Friday, 1 January 2016

Marvellous Maha Chanok Mango Seedling

Sprouted from the seed of a shop-bought Maha Chanok (or Rainbow in Malaysia) fruit, this lovely little tree has entered its fourth season, flowering in each of its previous three years. Unsurprisingly the seedling flowered heavily again in the spring. Unremarkably too, it has held five healthy fruits.


Example of our seedling Maha Chanok
The fruits of our Maha Chanok seedling are not the classic shape for this mango variety. The Maha Chanok is mono-embryonic, meaning that resultant seedlings do not necessarily grow true to type... In essence their fruit will likely diverge in some way from the mother fruit. If you compare the photos provided, the difference in shape between our seedling and genuine Maha Chanok mangoes are very clear.


Maha Chanok mangoes purchased in Cabramatta, Sydney


Hail damaged fruit
This season the tree has survived a hail storm, which luckily, was rather brief, dropping only small stones. Nevertheless the remaining fruit do show some skin damage. 

One of the characteristics of this young tree is that it does not grow quickly, producing little wood, and I understand that this is a sign of a tree which should produce good quantities of delicious fruit. 

Without 'counting our chickens before they hatch' we hope that our little crop of mangoes can negotiate the remainder of the season, bringing exceptionally tasty mangoes to the table. 

By clicking on the Mango label of this blog, you can follow the progress of our Maha Chanok seedling tree over the past year.
Two fruits hiding in the serai (lemon grass)


9 comments:

  1. Thanks for the very interesting blog. I also live in Sydney and like to experiment with growing mangoes from seed. Your information on polyembryonic and monoembryonic seeds is spot on. I have successfully grown the honeygold and banana mango trees ̣(polyembryonic) and the fruit is delicious. Today I saw some mahachanok mangoes for sale in Coles and was tempted to try growing them from seed. Seeing your blog, I will give that a go even though they are monoembryonic. The other mango varieties which have intrigued me are the Indian mangoes which are monoembryonic. They are highly regarded by my Indian friends. You can buy the fruit imported from India, but unfortunately the irradiation treatment of the imported fruit destroys the viability of the seeds. Cheers. Edward

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    1. Thank you for your kind words, Edward. I have been rather lazy with new blog posts due to our move to the mid north coast of New South Wales, but intend to start up again in the few days. In which Coles store did you see the Maha Chanok mangoes? I will be making a flash visit to Sydney next week and would be interested in purchasing some myself. Cheers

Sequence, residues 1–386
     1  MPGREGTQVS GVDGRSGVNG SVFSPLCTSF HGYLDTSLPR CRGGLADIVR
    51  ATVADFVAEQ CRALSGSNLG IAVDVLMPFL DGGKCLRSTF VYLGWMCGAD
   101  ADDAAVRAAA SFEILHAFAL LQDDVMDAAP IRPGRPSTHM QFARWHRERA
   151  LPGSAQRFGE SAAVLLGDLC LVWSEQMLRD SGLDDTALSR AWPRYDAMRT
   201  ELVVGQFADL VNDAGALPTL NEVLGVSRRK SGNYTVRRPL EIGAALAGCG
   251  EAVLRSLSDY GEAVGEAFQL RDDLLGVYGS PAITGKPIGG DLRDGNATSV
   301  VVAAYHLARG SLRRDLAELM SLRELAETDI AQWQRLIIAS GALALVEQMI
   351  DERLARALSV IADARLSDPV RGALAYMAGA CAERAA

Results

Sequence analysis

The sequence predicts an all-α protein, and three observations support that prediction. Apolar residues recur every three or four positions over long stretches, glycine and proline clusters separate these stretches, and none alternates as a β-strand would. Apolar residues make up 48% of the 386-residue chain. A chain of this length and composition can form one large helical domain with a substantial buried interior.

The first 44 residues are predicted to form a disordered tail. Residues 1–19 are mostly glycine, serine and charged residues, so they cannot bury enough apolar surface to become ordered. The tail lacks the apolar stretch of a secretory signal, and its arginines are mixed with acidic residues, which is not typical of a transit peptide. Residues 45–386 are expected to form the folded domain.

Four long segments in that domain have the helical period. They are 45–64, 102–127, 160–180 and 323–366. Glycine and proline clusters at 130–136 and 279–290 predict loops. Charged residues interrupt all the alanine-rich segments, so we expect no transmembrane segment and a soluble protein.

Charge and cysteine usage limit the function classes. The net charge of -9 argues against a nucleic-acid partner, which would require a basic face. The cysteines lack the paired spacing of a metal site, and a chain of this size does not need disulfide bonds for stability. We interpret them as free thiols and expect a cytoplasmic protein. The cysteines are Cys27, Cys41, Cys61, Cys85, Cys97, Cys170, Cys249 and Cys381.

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    2. Monoembryony is the emergence of one and only one seedling from a seed. A seed giving two or more seedlings is polyembryonic.

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  2. Day before Yesterday I bought 4 Maha Chanok Mangoes from Coles Macquarie Fields store and believe other Coles store also selling the same. I was looking this variety of Mango for a quite long time and was lucky to find some in my local store. I will give a go to grow seedlings as I am doing the same for other varieties of Mangoes :):)

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  3. I was also bought this variety from Coles today and wondering if I can grow tree/fruits from seed, what is the best way to starting seedlings?

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  4. Sorry to reply so late but I have not looked at this website for some time. The way I grow from seed is to carefully cut the edge of the husk around the seed, just enough to be able to open it and remove the inner soft seed. Then just plant it in good potting mixture and it should grow. This video link shows the method I use https://www.google.com/search?q=planting+mango+seed+which+side+up&oq=planting+mango+seed&aqs=chrome.3.0j69i57j0l6.11554j0j7&sourceid=chrome&ie=UTF-8#kpvalbx=_b9aJXrKWBu_Uz7sPtoiqsAU33

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    1. The husks of some mango varieties are harder to open than others. The hardest ones sometimes require a slow working away at the bottom with kitchen scissors...

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  5. There are two other varieties of mango which I have grown from seed and which taste great. One is the Honeygold, which is polyembryonic and so should grow true to type. The other is Banana mango - I can't recall if it was polyembryonic but it produced delicious fruit.

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